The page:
throughout the state, nor was the affect on labor demand uniform.
Some areas were devastated while other areas not too distant were
virtually untouched. While the physical damage to citrus, for
example, was widespread, the impact on labor was to increase the
demand for labor in the short and intermediate run. In other areas,
particularly vegetable producing areas, the impact was to reduce the
demand for labor after a one to three week period of salvage and
replanting operations.

Three vegetable producing areas were hit quite badly by the
freeze. These were: Collier-Hendry County (Immokalee area), Eastern
Palm Beach-Broward County area, and Dade County (Homestead area). The
Immokalee area sustained the most severe damage of any area in the
state.

Interviews with growers, county agents and others indicate that
roughly 5,000 jobs would be lost in the Immokalee area within about a
week after the freeze, and it would be another five or six weeks
before production was back to a point where there would be a demand
for this harvest labor.

Estimates for the East Palm Beach-Broward County area indicate
that as many as 2,000 harvesting jobs were eliminated by the freeze.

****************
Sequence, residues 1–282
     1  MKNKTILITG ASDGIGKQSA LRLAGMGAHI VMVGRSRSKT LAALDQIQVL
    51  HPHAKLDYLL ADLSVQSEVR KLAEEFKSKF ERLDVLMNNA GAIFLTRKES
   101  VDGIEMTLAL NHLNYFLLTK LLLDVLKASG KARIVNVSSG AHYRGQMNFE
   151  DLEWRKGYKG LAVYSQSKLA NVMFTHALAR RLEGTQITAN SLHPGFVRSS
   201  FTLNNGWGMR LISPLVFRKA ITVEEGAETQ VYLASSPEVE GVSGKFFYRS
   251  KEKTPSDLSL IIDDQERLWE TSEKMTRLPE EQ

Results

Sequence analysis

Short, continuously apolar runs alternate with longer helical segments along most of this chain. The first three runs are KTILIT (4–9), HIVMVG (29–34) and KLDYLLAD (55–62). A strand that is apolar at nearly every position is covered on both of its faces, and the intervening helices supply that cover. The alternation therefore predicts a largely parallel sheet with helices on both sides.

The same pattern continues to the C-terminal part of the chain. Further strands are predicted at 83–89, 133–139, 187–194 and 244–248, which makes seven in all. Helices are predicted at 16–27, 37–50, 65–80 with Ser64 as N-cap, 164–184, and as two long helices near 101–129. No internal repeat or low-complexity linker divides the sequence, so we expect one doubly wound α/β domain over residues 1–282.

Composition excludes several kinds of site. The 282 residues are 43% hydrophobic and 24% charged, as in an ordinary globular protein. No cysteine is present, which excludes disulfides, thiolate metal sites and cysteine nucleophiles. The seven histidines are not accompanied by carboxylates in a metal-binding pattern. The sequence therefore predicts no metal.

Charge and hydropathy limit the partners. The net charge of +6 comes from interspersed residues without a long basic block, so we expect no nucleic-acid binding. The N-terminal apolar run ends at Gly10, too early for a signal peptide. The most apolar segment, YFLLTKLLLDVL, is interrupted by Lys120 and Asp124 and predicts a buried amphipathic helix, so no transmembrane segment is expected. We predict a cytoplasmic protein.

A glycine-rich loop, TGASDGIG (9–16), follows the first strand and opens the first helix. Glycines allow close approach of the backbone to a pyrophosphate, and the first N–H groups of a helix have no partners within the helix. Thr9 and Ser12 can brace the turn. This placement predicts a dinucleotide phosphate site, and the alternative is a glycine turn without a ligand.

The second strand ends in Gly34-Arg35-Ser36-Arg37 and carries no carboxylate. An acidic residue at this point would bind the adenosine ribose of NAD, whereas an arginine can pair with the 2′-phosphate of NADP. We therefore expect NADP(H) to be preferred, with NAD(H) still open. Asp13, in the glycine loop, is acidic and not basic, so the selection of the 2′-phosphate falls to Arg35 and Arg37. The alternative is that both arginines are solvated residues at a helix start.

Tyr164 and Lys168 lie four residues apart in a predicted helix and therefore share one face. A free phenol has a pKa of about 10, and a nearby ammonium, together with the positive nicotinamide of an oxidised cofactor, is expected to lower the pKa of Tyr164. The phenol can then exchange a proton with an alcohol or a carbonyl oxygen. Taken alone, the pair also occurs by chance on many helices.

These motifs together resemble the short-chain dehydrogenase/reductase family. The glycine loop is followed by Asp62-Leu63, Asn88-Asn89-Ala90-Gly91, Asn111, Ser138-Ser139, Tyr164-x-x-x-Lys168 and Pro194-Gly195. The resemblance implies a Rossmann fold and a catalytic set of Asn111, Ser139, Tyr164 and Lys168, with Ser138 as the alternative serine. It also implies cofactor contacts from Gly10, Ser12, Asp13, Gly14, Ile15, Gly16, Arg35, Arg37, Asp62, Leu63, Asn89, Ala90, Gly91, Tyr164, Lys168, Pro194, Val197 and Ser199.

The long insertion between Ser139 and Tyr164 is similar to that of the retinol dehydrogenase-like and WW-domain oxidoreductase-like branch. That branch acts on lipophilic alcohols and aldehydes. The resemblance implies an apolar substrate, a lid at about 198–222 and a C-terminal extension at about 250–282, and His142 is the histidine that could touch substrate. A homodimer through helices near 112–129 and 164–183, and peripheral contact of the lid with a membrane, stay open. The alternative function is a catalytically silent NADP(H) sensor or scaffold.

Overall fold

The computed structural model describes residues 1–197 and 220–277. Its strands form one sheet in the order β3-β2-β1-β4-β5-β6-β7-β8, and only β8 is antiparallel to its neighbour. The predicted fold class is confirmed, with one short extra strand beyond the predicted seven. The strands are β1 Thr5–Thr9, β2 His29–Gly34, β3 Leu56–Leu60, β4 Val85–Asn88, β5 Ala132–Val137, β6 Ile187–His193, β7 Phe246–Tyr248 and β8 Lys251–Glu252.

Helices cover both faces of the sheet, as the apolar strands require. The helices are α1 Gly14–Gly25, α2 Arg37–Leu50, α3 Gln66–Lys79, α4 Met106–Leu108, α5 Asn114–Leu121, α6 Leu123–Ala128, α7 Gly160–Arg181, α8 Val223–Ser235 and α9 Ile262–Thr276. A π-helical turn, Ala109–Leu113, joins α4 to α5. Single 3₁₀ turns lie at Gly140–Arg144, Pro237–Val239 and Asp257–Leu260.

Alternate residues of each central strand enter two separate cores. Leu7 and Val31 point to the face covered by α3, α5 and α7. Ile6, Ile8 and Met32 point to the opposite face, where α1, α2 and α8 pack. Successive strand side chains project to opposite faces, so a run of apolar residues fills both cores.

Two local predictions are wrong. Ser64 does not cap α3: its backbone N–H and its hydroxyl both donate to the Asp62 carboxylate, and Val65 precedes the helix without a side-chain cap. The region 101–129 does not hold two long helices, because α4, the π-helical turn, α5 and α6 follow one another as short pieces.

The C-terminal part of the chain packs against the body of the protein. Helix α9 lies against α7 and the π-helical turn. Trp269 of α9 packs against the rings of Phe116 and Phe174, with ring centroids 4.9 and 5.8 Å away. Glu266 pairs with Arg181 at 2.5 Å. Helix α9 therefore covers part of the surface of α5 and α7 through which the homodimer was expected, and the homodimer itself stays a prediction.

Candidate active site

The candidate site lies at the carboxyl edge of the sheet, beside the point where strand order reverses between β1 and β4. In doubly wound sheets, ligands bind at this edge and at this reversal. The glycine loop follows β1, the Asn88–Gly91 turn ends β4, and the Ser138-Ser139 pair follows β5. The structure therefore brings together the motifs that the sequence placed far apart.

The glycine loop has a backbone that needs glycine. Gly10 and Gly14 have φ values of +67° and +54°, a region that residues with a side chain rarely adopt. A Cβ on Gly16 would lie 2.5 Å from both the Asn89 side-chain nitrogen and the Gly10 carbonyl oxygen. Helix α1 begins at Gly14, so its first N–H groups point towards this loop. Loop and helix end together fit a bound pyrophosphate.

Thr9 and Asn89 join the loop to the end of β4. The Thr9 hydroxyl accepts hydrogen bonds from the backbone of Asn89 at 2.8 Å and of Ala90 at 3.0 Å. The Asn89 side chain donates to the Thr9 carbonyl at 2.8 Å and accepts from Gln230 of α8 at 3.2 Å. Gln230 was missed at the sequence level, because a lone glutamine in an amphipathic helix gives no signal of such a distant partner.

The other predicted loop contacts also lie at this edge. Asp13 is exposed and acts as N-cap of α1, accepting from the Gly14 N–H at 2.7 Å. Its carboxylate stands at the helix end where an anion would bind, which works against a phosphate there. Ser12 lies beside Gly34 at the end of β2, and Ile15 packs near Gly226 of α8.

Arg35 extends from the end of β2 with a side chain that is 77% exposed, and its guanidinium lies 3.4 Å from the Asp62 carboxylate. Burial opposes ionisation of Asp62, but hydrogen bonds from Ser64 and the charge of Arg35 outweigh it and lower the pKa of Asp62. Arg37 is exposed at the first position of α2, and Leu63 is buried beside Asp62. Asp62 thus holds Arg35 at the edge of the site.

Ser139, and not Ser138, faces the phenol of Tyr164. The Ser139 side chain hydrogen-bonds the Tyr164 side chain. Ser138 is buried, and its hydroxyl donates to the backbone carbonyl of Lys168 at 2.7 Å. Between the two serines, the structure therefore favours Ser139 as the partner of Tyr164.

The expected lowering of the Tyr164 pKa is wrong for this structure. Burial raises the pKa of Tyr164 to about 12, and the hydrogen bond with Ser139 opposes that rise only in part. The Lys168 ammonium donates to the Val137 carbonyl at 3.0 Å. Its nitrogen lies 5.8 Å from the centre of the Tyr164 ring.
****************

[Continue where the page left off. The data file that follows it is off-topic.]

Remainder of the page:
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THE VEGETARIAN NEWSLETTER

InterestLngly, the Glades area of Palm Beach County was spared exten-
sive damage and growers Indlcated it is "business as usual" in the
Glades area.

Observers in the Homestead area indicated that growers are al-
ready engaged in replanting operations and the demand for farm Labor
may stay relatively strung for two to three weeks. Following this
short-run period or replanting and salvage operations, estimates indi-
cate that about 2,500 jobs will be allminated for five to six w-eks
while the new crop is maturing.

(C.D. Covey)
(Food and Resource Economics Department)


C. Effect of the Florida Freeze on the Transportation Situation

The effects of the freeze on Florida fruits and vegetables are
continuing to be documented. The freeze damaged both fruits and vege-
tables and will at a minimum decrease shipments for a time from our
state. Concerns have been expressed over the effect of the freeze on
the transportation system and whether an adequate supply of trucks